The post I hoped I wouldn't have to write

To begin, an explanation of the title, since I suppose there could be many posts I hoped I wouldn't have to write: unfortunately, I've spent the past couple of days getting a full tour of the Israeli health care system. As you'd probably expect from this description, this post goes in some detail into some mildly unpleasant medical misfortunes, so if you're sensitive to such things, this may not be for you. On with the story.

First, the backstory. I woke up early in the morning of Sunday, April 10th with a slight twinge in my lower back. At first, I thought it was just a muscle strain from the lousy Ikea mattress in my subletted room, but when the pain began to intensify, I knew immediately that it was a kidney stone. I've had them before, so I'd brought strong painkillers with me to Israel in order to deal with the excruciating pain of an attack like the one I was beginning to experience. I quickly swallowed a couple of pills and collapsed back into bed to wait for them to take effect. After an hour or so of writhing in bed waiting for relief, I mercifully fell asleep.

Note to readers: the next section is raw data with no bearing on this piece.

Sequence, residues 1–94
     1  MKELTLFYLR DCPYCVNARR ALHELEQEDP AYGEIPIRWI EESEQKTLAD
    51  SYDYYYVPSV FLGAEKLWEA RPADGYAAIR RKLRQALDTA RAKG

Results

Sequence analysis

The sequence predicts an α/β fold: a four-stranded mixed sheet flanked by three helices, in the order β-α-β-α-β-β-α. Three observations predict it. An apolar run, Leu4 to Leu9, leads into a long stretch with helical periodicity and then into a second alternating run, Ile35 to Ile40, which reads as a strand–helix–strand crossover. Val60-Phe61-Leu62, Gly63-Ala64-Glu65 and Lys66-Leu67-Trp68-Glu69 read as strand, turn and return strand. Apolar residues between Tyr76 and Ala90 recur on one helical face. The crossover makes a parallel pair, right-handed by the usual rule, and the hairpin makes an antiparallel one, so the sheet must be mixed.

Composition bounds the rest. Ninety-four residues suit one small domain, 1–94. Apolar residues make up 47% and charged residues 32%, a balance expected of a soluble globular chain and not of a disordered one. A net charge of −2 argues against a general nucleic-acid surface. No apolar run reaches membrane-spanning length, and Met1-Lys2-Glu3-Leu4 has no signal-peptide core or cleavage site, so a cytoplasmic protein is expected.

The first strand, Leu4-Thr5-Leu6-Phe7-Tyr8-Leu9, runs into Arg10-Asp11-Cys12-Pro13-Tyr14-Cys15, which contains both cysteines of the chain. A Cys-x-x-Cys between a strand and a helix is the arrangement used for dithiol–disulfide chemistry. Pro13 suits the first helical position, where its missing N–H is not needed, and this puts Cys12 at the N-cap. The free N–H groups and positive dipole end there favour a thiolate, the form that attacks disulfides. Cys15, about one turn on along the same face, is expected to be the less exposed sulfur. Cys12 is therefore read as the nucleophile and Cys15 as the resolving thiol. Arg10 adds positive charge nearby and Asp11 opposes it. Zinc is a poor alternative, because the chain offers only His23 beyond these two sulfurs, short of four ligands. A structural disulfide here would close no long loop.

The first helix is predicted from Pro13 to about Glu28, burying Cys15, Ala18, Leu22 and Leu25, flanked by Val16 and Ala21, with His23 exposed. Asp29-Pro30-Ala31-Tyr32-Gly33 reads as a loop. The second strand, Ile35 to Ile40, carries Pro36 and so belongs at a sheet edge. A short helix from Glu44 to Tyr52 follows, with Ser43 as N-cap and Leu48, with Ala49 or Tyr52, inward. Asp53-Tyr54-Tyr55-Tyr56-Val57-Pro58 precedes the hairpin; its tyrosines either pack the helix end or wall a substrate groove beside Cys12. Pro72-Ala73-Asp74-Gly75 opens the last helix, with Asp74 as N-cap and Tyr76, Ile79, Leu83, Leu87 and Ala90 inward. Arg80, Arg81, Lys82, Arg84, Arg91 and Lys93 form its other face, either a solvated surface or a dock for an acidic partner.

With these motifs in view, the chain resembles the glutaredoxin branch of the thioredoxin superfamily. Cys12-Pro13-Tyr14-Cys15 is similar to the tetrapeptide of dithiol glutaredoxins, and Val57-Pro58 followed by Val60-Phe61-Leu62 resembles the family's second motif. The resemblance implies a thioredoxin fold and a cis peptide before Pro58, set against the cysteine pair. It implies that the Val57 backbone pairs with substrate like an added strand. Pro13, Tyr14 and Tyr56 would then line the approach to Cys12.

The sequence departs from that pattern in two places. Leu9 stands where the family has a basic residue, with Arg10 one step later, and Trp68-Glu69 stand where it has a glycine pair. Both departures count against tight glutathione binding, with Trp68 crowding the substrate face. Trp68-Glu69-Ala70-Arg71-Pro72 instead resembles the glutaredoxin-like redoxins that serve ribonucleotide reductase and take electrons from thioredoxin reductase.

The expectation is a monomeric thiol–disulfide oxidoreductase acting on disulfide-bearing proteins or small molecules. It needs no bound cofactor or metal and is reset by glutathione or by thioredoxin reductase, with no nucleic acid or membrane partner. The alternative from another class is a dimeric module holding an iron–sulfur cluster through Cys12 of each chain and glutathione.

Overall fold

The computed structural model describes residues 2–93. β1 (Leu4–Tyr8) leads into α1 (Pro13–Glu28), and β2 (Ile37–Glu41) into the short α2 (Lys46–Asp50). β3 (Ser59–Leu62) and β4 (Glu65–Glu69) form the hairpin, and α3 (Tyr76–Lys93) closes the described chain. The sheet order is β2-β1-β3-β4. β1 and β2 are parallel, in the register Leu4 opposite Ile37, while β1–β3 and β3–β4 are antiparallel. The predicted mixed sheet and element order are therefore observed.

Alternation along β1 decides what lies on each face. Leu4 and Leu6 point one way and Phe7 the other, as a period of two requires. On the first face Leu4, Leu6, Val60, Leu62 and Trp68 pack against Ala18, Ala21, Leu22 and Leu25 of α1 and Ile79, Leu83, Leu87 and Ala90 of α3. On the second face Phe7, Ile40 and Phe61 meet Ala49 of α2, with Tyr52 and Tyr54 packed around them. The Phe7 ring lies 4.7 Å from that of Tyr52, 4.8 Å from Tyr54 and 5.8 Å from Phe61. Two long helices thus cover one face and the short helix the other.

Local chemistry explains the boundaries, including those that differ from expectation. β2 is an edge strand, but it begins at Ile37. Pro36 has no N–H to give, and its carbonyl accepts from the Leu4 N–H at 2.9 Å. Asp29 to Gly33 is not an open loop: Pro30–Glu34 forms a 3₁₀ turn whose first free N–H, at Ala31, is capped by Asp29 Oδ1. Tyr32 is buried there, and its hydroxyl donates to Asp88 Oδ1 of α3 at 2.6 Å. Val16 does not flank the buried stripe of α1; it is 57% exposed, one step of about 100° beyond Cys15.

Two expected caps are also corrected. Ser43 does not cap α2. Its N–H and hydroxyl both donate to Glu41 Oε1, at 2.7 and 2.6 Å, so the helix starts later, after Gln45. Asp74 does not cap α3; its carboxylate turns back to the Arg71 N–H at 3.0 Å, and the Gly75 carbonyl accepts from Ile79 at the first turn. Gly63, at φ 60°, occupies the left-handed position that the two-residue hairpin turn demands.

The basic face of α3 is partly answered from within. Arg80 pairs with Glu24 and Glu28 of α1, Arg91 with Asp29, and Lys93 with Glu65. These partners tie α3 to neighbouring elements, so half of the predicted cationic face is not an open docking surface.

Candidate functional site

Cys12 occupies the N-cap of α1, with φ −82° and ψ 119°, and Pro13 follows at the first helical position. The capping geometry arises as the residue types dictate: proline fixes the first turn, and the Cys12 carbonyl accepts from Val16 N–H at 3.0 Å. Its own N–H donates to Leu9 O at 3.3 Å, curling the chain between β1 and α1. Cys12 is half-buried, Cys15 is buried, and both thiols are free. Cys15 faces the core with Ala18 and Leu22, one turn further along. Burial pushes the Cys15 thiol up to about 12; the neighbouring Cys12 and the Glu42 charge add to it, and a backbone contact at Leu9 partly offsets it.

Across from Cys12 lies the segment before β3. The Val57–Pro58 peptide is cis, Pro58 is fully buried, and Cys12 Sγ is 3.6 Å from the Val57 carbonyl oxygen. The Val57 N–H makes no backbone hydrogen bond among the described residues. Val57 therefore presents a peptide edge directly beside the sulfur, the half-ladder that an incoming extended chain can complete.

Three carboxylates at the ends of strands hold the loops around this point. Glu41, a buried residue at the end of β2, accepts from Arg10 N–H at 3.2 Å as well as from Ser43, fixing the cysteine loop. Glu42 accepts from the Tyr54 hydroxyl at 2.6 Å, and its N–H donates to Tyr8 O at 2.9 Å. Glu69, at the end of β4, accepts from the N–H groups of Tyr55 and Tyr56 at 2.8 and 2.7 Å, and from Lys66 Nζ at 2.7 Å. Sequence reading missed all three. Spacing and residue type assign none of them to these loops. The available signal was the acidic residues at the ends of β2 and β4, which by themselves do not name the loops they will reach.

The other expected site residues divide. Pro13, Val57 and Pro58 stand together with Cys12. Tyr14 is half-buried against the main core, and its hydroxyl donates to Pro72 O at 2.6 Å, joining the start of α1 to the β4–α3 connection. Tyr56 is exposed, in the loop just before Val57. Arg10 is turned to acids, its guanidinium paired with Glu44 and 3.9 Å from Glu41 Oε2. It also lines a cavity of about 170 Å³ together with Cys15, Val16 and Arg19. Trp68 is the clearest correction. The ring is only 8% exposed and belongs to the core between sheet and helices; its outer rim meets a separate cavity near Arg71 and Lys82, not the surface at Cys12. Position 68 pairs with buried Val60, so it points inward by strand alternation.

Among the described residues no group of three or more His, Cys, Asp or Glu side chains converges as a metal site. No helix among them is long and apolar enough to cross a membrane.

I woke up a few hours later, around 11 am. The pain was gone, but I knew the respite wouldn't last for long. I knew I'd need to go to a medical facility of some sort in order to get checked out-treatment for kidney stones varies based on the size of the stone, plus I only had enough pain medicine for a limited period of time, so I'd need to get a new prescription.

In the US, I'd just go to an emergency room in this situation. In Israel, however, you're not permitted to simply show up at an emergency room unless it's a bona fide emergency. To use an emergency room, you have to go through one of two gatekeeping processes: either a paramedic has to bring you, or you have to call your insurance company and get an authorization to use the emergency room before going. Otherwise, you're on the hook for the bill, which is about as large as an emergency room bill in the United States. This seems like a good idea- it theoretically cuts down on ER wait times by reserving the ER for the most dire needs. In practice, as I discovered, it doesn't work so well. More on this later.